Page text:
Kids today would probably look at you as if you were from Mars if you asked them to play a game of marbles. Indeed, there is an inverse relationship between the rise of the video game and the fall of marbles as a child’s game of choice. Chances are, if you grew up with a Nintendo controller in your hand, you never had a favorite “shooter” marble in your pocket.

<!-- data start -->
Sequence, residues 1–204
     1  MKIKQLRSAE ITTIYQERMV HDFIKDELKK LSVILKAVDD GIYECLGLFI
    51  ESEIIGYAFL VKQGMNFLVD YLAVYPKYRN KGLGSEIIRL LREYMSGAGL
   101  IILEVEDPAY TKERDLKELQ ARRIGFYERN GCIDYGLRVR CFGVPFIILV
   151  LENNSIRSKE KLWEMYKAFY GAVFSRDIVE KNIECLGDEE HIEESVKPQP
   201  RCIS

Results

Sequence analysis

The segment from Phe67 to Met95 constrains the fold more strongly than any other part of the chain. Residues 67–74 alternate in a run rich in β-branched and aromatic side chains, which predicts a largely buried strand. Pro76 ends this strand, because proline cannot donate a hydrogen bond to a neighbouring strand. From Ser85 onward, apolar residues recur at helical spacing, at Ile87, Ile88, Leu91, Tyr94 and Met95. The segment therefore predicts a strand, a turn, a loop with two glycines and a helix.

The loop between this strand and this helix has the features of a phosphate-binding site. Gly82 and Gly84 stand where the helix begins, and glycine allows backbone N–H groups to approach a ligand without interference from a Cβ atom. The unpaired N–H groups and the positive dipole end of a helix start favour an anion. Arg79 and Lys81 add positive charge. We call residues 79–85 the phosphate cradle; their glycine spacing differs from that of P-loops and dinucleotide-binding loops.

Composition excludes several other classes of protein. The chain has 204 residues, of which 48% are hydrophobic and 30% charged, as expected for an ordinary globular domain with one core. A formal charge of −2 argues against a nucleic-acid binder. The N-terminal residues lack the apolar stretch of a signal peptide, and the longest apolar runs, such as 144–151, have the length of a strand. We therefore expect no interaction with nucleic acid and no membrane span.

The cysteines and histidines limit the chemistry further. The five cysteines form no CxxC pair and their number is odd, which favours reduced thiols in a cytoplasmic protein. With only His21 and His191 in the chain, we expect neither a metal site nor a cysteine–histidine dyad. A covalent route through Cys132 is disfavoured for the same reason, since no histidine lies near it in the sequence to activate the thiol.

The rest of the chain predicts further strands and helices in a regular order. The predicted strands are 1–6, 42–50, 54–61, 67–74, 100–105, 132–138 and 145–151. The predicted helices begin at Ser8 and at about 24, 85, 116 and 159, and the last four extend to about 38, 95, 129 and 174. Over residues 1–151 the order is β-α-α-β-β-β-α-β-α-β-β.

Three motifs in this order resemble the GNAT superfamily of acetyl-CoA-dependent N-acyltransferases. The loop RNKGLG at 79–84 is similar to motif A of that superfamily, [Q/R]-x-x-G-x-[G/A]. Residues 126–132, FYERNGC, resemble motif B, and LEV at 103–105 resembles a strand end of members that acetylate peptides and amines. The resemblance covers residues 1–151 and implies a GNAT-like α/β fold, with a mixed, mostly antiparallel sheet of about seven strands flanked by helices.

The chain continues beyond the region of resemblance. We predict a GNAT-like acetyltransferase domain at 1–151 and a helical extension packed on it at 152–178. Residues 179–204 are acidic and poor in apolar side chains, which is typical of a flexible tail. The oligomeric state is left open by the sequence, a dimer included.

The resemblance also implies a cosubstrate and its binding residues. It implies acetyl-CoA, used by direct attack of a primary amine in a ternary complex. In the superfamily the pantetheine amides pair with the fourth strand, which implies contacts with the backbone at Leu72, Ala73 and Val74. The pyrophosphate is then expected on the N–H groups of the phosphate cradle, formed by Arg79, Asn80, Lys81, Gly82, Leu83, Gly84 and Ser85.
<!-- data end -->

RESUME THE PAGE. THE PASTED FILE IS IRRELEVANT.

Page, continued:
Nevertheless, marbles do show up with some frequency on archaeological sites, both historic and prehistoric, and their presence speaks to not only the enduring popularity of this classic children’s past time game, but to the presence of children themselves, a social group that can easily escape archaeological analysis.
Marbles manufactured in historic times are represented at a number of sites, with an early example made of clay like this one seen here from the Metropolitan Detention Center site in Philadelphia, 36Ph91.